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Northeastern ministry school moving to ‘practical’ emphasis

JOPPA, Md. (BP)–Short-term, non-credit ministry training experiences for church leaders who are not necessarily interested in a theological degree will become the main thrust of the Northeastern Baptist School of Ministry, its leaders have announced.
NeBSM leaders also are planning to open four more ministry training centers, in Boston, Buffalo, Philadelphia and Baltimore, by September 1998.
David Flumbaum, NeBSM executive director, said: “(In response to) the pressing needs for training of lay leaders and church staff, who desire more flexibility in their learning experiences than a degree program can deliver, we will redirect our energies and our resources, both human and fiscal, towards getting a network of practical, ministry-training opportunities up and running as quickly as possible.”
Key changes in strategy were approved by NeBSM’s board of directors at their Sept. 26-27 meeting in Newark, N.J.
Specifically, NeBSM’s key priorities, according to Flumbaum, will become church leadership, urban ministry and biblical studies. Certificates or other forms of recognition for study completed, such as continuing education units (CEUs), currently are being developed.
Thirty-six students attended NeBSM’s first ministry training seminar Aug. 4-7 in conjunction with the Northeast Baptist Leadership Development Conference at Eastern College, St. Davids, Pa. Evangelist Billie Hanks Jr., taught a seminar on “Multiplication Evangelism Through Mentoring.”
Those attending the 11-hour session had the opportunity to earn 1.1 hours of CEUs from NeBSM, the first time the Joppa, Md.,-based organization has offered such study credits.
Following that meeting, Hanks and an associate, Greg Tyler, held a three-hour introductory version of the same seminar in cooperation with NeBSM in eight northeast locations, from Pittsburgh to Portland. A total of 176 people attended one of these experiences, one-fifth of whom requested NeBSM credit. Hanks said 32 of the 52 churches represented at the NeBSM seminars have begun the process of multiplication evangelism through mentoring, utilizing the resources of his International Evangelism Association.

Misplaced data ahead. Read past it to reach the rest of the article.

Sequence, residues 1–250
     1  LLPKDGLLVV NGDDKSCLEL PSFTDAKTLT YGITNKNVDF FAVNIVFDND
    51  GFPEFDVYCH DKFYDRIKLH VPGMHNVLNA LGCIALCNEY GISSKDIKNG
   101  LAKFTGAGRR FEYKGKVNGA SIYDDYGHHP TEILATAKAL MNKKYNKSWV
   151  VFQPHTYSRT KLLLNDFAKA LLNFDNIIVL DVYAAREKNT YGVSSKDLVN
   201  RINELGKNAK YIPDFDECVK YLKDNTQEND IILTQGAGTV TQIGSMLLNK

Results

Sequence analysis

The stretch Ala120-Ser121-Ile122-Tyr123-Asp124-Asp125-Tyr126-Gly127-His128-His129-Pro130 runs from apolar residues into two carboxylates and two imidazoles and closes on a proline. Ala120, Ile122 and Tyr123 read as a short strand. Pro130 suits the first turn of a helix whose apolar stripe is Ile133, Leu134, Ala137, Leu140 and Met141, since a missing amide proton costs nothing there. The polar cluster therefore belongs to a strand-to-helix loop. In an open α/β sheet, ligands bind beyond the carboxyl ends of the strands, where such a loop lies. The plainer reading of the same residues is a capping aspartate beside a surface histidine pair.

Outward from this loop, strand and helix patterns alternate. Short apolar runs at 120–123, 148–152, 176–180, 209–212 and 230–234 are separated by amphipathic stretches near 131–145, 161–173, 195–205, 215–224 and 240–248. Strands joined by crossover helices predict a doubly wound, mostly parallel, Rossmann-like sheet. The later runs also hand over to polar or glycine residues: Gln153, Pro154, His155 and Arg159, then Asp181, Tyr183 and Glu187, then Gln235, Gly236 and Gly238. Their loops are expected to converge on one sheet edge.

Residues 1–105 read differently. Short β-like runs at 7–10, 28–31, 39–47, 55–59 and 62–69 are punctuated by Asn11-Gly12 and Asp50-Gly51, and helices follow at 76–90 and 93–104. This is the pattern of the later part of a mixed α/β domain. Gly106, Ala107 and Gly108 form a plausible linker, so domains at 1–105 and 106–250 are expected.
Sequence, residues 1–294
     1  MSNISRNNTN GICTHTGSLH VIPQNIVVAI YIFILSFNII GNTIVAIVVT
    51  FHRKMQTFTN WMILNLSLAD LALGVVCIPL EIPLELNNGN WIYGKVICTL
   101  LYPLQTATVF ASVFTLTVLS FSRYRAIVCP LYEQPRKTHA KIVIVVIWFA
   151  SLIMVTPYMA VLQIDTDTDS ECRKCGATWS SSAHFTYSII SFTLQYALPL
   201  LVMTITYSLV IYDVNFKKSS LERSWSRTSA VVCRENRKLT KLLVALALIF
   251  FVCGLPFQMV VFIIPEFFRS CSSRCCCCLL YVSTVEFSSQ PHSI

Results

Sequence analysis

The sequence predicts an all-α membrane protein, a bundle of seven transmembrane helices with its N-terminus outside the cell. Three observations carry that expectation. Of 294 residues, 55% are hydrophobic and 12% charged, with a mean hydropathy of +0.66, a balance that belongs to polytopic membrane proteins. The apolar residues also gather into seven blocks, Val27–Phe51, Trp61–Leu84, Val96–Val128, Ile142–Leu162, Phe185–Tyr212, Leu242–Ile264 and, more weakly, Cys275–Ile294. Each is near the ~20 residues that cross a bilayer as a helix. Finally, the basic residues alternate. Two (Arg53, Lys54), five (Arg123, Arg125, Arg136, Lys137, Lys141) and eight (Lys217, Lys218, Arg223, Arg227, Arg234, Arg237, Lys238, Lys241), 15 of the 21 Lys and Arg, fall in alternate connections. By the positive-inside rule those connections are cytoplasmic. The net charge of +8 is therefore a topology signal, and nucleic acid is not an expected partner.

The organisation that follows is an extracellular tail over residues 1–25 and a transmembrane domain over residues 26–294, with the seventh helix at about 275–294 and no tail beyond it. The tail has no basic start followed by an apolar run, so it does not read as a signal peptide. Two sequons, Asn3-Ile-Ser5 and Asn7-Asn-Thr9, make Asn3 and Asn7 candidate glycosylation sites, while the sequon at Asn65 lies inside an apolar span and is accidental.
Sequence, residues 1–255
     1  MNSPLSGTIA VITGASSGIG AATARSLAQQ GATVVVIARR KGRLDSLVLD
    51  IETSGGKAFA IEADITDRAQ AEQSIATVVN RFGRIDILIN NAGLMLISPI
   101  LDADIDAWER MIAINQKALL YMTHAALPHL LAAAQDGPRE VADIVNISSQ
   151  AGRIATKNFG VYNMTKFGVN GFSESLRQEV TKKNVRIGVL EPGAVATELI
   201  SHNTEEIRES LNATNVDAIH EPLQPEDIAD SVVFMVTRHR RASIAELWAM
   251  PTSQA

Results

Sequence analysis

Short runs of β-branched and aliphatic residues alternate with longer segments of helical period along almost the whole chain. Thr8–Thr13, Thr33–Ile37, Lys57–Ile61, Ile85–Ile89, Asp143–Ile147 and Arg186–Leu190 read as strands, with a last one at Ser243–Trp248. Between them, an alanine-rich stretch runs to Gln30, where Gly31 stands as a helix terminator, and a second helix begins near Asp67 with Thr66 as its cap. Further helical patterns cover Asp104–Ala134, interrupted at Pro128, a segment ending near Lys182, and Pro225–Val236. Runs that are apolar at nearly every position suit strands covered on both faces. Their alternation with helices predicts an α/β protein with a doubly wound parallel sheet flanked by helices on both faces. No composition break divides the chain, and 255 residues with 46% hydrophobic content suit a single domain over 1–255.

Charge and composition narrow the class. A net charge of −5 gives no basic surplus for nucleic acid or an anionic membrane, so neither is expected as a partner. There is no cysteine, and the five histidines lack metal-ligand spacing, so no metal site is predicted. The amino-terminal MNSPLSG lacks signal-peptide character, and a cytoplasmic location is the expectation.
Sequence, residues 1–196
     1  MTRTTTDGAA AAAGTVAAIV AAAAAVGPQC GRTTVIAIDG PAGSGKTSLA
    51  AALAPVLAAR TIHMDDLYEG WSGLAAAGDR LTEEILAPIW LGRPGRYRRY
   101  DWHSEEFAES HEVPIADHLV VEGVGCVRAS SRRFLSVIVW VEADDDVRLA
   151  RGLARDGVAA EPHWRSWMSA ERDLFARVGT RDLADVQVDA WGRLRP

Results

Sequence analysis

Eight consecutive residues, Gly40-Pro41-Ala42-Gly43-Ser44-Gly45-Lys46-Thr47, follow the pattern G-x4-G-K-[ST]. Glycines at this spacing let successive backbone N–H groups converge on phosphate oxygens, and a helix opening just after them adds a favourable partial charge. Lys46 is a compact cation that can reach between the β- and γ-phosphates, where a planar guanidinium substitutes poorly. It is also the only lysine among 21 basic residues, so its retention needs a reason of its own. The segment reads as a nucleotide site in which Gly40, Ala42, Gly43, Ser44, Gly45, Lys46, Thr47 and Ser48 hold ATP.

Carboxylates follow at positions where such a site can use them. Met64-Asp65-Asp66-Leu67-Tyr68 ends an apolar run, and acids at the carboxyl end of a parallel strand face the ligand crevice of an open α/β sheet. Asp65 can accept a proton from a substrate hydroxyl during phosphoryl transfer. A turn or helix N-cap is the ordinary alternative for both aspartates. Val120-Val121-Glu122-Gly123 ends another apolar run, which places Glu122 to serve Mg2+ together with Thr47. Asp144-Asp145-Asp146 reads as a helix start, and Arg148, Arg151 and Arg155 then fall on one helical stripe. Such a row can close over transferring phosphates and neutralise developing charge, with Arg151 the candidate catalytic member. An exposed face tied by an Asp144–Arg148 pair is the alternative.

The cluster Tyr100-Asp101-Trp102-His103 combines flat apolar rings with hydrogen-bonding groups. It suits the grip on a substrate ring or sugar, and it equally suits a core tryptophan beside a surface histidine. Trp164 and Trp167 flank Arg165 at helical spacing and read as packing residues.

NeBSM officials consider both the Pennsylvania seminar and the eight regional sessions pilot projects to help them fine-tune their ministry training practices.
“We have more preliminary work to do in the next few months to better organize ourselves for registration and record keeping, as well as with other ministry-training management procedures,” Flumbaum observed. “These meetings went very well, but it was a learning process for us.”
Flumbaum also announced a board decision regarding the director of theological education: “Andrew Lee has agreed to continue his employment with NeBSM through July 31, 1998. He will continue to address some of the program needs related to degree programs, but he will begin to transition those responsibilities to the center directors and to Southern Baptist Theological Seminary staff.”
With NeBSM priorities being reordered to focus on ministry training, Lee, of Staten Island, N.Y., will assist Flumbaum in addressing ministry training priorities.
Flumbaum emphasized that theological education, principally the master of divinity degree track of courses offered at six locations in partnership with Southern Seminary, and Young Leader Development, a new program that will be launched for high school students next summer, will continue to be Northeastern Baptist School of Ministry priorities.
Flumbaum called the board decision “a shifting emphasis, not a drop” of any existing programs or plans. “There are many people for whom a master’s degree is not a readily accessible program of study because of background or academic levels of achievement. We will address those needs beginning immediately,” he said.
One way NeBSM will address those needs will be to open four urban training centers, in Boston, Buffalo, Philadelphia and Baltimore. Plans are being formulated for these centers in consultation with NeBSM’s founding partners, the Baptist conventions of New England, New York, Pennsylvania/South Jersey and Maryland/Delaware.
The six existing centers are located in Columbia, Md.; Northborough, Mass.; Harrisburg, Pa.; New York City (English and Korean centers); and Silver Spring, Md. (Korean center).
NeBSM faces an immediate financial need for assistance from individuals, churches, Baptist state conventions and foundations, Flumbaum said.
To that end, the educational partnership launched a “cultivation/awareness” campaign that features mailing of an “Invitation to Partnership” packet of brochures to churches and others; a 10-minute inspirational video; scheduling of NeBSM Sunday for Feb. 15, 1998; organization of NeBSM committees in each of the four Baptist state conventions; and creation of four new displays for use at any state convention, association or church meeting.
Persons interested in receiving an informational packet, in borrowing the video or display or in ministry training opportunities being planned may contact NeBSM at 1- 800-749-5956.
“I’m not aware of this kind of initiative being done anywhere else,” Flumbaum said. “It is closer to the foreign missions model of delivering ministry training than anything I am aware of in this country. We have a bright future, but we need the help of churches and individuals and others to make the NeBSM dream a reality.”